Is this project an undergraduate, graduate, or faculty project?

Undergraduate

individual

Daytona Beach

Poster Session

Authors' Class Standing

Christopher Swinford,Senior Nikolaus Rentzke, Junior

Lead Presenter's Name

Christopher Swinford

Faculty Mentor Name

Kevin Adkins

Abstract

Observation, simulation, and modeling have shown that wind farms have an impact on the near-surface atmospheric boundary layer as turbulent wakes generated by the turbines enhance vertical mixing. These changes alter downstream atmospheric properties. With a large portion of wind farms hosted within an agricultural context, changes to the environment can potentially have secondary impacts such as to the productivity of crops. The authors, amongst others, have demonstrated changes to relative humidity and temperature within the wind turbine array boundary layer during daylight observations made by small unmanned aerial systems (sUAS). The obtainment of permission to fly at night and higher altitudes, along with the enhancement of the sUAS instrumentation suite with fast-response 3D sonic anemometers, enabled observations during overnight hours and at altitudes above the top turbine tip height. This talk details observed changes to thermodynamic and kinematic properties during an overnight field campaign undertaken during the summer of 2019 around a utility-scale wind turbine located within a variety of crops.

Did this research project receive funding support (Spark, SURF, Research Abroad, Student Internal Grants, or Ignite Grants) from the Office of Undergraduate Research?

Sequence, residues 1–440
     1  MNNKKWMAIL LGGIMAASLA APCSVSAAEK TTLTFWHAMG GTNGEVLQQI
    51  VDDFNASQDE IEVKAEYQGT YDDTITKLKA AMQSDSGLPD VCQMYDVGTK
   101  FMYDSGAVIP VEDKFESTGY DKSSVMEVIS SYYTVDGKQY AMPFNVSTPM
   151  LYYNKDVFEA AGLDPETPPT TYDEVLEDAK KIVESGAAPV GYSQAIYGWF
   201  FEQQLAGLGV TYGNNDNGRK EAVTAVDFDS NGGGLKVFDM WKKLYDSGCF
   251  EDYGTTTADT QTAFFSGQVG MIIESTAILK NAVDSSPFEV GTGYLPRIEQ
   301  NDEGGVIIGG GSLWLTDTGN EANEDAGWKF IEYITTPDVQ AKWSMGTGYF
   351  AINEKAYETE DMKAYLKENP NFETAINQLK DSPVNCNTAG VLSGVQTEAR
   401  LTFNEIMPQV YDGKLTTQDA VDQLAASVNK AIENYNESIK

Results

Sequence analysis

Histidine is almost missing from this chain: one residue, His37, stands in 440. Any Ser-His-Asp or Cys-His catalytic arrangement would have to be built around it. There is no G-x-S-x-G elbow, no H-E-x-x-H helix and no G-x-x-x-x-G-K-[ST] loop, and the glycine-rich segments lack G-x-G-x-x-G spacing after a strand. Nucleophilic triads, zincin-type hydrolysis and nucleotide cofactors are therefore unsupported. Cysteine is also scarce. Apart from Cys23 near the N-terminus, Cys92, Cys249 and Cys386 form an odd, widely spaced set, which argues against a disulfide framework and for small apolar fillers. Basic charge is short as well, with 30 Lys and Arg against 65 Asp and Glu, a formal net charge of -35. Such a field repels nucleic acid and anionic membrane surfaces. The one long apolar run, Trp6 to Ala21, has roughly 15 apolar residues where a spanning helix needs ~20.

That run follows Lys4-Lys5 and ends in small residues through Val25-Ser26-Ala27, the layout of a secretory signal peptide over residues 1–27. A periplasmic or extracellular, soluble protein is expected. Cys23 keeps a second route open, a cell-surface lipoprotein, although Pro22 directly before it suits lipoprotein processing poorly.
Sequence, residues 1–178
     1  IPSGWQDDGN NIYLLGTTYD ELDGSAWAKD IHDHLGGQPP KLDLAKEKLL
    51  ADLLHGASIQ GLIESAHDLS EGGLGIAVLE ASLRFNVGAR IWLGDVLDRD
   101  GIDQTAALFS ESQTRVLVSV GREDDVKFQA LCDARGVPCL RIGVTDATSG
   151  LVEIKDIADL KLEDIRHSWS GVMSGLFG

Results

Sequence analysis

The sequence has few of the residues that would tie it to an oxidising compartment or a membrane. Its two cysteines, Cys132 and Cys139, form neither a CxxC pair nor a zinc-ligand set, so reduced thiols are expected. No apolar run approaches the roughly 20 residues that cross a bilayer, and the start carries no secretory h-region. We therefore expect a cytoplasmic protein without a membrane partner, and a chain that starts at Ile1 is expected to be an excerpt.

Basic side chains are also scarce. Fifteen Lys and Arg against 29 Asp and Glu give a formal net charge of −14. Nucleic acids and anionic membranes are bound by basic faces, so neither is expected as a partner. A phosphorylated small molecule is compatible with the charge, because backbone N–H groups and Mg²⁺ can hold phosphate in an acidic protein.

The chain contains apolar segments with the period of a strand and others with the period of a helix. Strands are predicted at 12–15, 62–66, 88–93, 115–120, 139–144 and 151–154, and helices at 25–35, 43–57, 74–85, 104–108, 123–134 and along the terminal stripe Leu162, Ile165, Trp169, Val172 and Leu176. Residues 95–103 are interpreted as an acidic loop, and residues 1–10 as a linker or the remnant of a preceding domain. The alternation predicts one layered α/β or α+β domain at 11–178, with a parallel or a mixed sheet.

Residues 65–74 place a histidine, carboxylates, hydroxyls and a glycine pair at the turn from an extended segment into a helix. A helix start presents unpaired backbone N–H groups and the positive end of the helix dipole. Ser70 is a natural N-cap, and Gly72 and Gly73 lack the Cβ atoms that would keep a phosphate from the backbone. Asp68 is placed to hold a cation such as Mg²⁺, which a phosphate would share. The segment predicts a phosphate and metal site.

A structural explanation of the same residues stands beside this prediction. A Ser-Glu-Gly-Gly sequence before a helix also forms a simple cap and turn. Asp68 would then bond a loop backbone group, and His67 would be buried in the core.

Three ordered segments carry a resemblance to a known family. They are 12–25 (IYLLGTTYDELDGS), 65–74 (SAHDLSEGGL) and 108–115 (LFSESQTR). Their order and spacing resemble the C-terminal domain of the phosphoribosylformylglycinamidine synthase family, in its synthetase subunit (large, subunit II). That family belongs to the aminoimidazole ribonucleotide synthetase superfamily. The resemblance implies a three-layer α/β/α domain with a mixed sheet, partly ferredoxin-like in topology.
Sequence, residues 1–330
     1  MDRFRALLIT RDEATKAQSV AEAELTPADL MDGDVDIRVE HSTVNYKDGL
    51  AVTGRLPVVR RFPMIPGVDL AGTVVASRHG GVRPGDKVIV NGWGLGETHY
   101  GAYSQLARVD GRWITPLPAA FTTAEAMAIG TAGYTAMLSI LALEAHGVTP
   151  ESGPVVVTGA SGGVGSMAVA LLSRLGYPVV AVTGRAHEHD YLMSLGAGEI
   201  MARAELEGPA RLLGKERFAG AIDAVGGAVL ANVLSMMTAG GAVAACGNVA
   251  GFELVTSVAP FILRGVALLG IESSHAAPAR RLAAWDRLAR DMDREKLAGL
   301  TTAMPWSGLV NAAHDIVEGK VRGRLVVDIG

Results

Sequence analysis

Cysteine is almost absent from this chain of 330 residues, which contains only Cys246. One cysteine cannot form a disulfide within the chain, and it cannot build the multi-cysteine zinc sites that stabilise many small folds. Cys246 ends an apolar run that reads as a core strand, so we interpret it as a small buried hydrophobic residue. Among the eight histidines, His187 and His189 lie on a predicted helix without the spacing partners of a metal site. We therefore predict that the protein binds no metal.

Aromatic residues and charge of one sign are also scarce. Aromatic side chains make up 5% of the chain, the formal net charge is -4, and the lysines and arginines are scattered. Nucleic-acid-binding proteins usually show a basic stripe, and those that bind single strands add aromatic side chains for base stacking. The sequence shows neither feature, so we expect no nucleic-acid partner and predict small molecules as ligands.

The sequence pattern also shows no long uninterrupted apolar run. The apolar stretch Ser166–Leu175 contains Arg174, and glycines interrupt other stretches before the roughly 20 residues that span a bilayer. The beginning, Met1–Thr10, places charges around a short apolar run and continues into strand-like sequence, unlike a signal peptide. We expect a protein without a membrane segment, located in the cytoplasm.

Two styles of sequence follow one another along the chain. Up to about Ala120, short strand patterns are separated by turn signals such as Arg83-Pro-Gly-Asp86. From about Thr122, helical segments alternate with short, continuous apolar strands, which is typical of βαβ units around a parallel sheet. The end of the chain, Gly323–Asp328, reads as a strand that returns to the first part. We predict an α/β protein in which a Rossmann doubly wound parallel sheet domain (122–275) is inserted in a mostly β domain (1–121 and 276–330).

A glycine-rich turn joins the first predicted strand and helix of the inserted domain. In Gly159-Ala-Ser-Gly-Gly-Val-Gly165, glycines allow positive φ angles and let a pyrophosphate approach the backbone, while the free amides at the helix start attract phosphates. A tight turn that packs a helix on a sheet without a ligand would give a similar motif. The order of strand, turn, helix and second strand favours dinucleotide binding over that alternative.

Yes, Spark Grant

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Nocturnal Observations of Thermodynamic and Kinematic Properties in a Wind Turbine Array Boundary Layer Using an Instrumented Unmanned Aerial System

Observation, simulation, and modeling have shown that wind farms have an impact on the near-surface atmospheric boundary layer as turbulent wakes generated by the turbines enhance vertical mixing. These changes alter downstream atmospheric properties. With a large portion of wind farms hosted within an agricultural context, changes to the environment can potentially have secondary impacts such as to the productivity of crops. The authors, amongst others, have demonstrated changes to relative humidity and temperature within the wind turbine array boundary layer during daylight observations made by small unmanned aerial systems (sUAS). The obtainment of permission to fly at night and higher altitudes, along with the enhancement of the sUAS instrumentation suite with fast-response 3D sonic anemometers, enabled observations during overnight hours and at altitudes above the top turbine tip height. This talk details observed changes to thermodynamic and kinematic properties during an overnight field campaign undertaken during the summer of 2019 around a utility-scale wind turbine located within a variety of crops.

 

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